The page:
Stated briefly, I understand Śaṅkara to teach that the words of the Upaniṣads constitute the valid source of knowledge (pramāṇa) for knowing brahman. This teaching, given the nature of the fundamental human problem as one of ignorance (avidyā), is necessary and sufficient for liberation. Given the nature of brahman as a non-object, other sources of knowledge, such as perception and inference may be employed in a supplementary manner, but are not themselves direct ways of knowing brahman. In a similar way, religious disciplines such as the practices of yoga, and the performance of rituals have great value in the development of mental purity (citta śuddhi) that enhances the student’s ability to assimilate the teachings of the Upaniṣads. They have utility also in facilitating rootedness in knowledge gained from the Upaniṣads. The critical point is that these disciplines are not regarded as sources of knowledge.
Mr. Malhotra is making an argument for “superconscious cognition” as a pramāṇa. This is a view to which he is entitled; my point is that this is not Śaṅkara’s position and it is not one to which I personally subscribe. I see no reason why disagreement on this is not possible without attributing the most devious motives to those who differ.
On the basis of his commitment to the Upaniṣads as the pramāṇa for brahman, Śaṅkara exercises a careful discernment in his treatment of other sampradāyas. He commends Yoga for the value it gives to detachment and Saṅkhya for its understanding of the self as free from definable qualities.xxxvi He admits that extraordinary powers are attainable through yoga practice. The dividing issue, as I have tirelessly discussed, is what constitutes the source of brahmajñāna. Mental disciplines are commended, but are not sources of valid knowledge. After identifying his agreement with some insights of Yoga, Śaṅkara explains where he has to part ways and he returns to the critical issue.
Their refutation centers only round this false claim that liberation can be attained through Sāṅkhya knowledge or the path of Yoga independently of the Vedas. For the Upaniṣads reject the claim that there can be anything apart from the Vedic knowledge of the unity of Self that can bring about liberation, as is denied in “By knowing Him alone one goes beyond death. There is no other path to proceed by” (Śvetāśvatāra Upaniṣad 3.8). But the followers of Sāṅkhya and Yoga are dualists and do not perceive the unity of the Self.xxxvii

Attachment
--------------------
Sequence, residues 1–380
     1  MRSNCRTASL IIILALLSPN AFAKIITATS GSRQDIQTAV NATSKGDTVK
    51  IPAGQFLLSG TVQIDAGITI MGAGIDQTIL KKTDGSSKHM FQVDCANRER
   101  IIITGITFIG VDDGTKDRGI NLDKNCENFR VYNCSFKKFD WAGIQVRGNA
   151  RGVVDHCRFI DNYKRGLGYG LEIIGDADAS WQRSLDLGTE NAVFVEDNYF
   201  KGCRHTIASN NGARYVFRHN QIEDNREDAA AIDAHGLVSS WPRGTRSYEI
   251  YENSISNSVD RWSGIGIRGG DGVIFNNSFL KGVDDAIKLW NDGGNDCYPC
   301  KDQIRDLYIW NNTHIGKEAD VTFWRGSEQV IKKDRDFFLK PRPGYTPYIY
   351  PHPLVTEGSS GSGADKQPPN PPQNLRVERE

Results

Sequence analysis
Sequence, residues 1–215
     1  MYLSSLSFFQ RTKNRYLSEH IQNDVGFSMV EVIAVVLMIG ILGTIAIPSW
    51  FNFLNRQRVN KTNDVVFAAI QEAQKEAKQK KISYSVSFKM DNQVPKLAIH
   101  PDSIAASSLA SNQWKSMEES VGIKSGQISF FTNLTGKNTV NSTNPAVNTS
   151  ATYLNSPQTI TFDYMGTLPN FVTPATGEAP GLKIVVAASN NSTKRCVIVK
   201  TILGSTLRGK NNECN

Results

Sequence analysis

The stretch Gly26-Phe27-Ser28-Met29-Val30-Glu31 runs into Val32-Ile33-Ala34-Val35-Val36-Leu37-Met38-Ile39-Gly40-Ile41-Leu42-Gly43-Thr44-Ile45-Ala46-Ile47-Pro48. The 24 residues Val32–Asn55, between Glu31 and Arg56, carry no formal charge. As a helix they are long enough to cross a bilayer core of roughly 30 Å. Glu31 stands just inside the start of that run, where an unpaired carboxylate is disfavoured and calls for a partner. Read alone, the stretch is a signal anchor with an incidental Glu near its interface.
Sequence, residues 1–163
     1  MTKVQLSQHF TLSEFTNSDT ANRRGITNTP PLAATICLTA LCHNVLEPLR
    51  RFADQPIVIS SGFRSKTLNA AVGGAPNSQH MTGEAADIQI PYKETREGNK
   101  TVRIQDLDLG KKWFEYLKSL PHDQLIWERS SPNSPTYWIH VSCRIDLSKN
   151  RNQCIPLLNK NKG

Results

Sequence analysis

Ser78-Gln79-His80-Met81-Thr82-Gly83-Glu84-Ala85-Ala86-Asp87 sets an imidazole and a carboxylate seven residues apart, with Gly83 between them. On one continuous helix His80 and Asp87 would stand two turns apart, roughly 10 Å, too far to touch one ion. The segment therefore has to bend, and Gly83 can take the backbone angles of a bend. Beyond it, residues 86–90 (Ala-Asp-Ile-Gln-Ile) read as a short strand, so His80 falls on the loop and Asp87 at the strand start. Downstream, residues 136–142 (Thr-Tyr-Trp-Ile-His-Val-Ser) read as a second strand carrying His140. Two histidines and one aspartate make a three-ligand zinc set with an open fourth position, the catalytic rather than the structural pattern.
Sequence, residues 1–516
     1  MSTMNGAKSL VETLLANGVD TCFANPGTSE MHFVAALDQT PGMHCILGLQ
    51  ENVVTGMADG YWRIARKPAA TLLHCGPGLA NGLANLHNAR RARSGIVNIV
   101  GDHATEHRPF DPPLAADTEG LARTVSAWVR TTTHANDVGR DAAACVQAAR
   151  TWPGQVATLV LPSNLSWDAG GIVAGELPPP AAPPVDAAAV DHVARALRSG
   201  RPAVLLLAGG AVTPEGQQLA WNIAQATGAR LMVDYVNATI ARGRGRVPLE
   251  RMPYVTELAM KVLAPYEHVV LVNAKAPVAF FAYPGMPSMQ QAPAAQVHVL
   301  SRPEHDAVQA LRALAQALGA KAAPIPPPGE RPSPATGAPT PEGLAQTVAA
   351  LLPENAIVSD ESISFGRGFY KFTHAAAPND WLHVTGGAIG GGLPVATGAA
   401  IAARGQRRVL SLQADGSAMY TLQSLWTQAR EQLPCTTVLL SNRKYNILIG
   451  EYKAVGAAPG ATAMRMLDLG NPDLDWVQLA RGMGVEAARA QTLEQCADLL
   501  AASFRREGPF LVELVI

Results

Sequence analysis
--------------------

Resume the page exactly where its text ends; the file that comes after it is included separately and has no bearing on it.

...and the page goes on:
Interpreters are free to disagree; but Śaṅkara’s views are clear and consistent.
(8)The Myth that I Describe Jñāna, Karma, Bhakti and Raja Yoga as Lacking Coherence and Consistency.
This charge is an over-simplification of a complex analysis in my work. I examine these paths in relation to the Advaita diagnosis of the human problem and the remedy it suggests. I do not discuss the coherence of these mārgas intrinsically or in relation to other Hindu traditions such as the Vaiṣnava sampradāya. In relation to certain ultimate ends, these paths are coherent. The paradox here is that my theological analysis is exactly what the author accuses me of not doing in relation to Vivekananda! Interestingly, Malhotra takes strong issue with Vivekanada’s argument that “all religions are paths to the same goal” (39). One of his arguments is that traditions offer different eschatological goals and this fact cannot be overlooked. My argument, that he denounces, is, in essence, not different. His difficulty is that I apply it intra-religiously and he sees this, unfortunately, as negative. Mr. Malhotra artificially superimposes a fragmentation agenda on my work.
(Continued in the next page)
(9) The Myth that Swami Dayananda Saraswati Endorses Mr. Malhotra’s Positions.
Earlier in this essay, I spoke of my study with the teacher of Advaita, Swami Dayananda Saraswati, and acknowledged his profound influence on my understanding of the tradition. I often cite his writings in my published works on Advaita. xxxviii
Mr. Malhotra attempts to prove that my representation of Śaṅkara and the Advaita tradition diverges from Swami Dayananda Saraswati. According to Mr. Malhotra, I ignore the fact “that Swami Dayananda Saraswati had devoted his life to promoting all the elements that Rambachan alleges are incompatible – jnana, bhakti, karma, meditation. Swami Dayananda Saraswati heads the Hindu Dharma Acharya Sabha whose very purpose is to promote the unity of the Hindu lineage across the board” (320).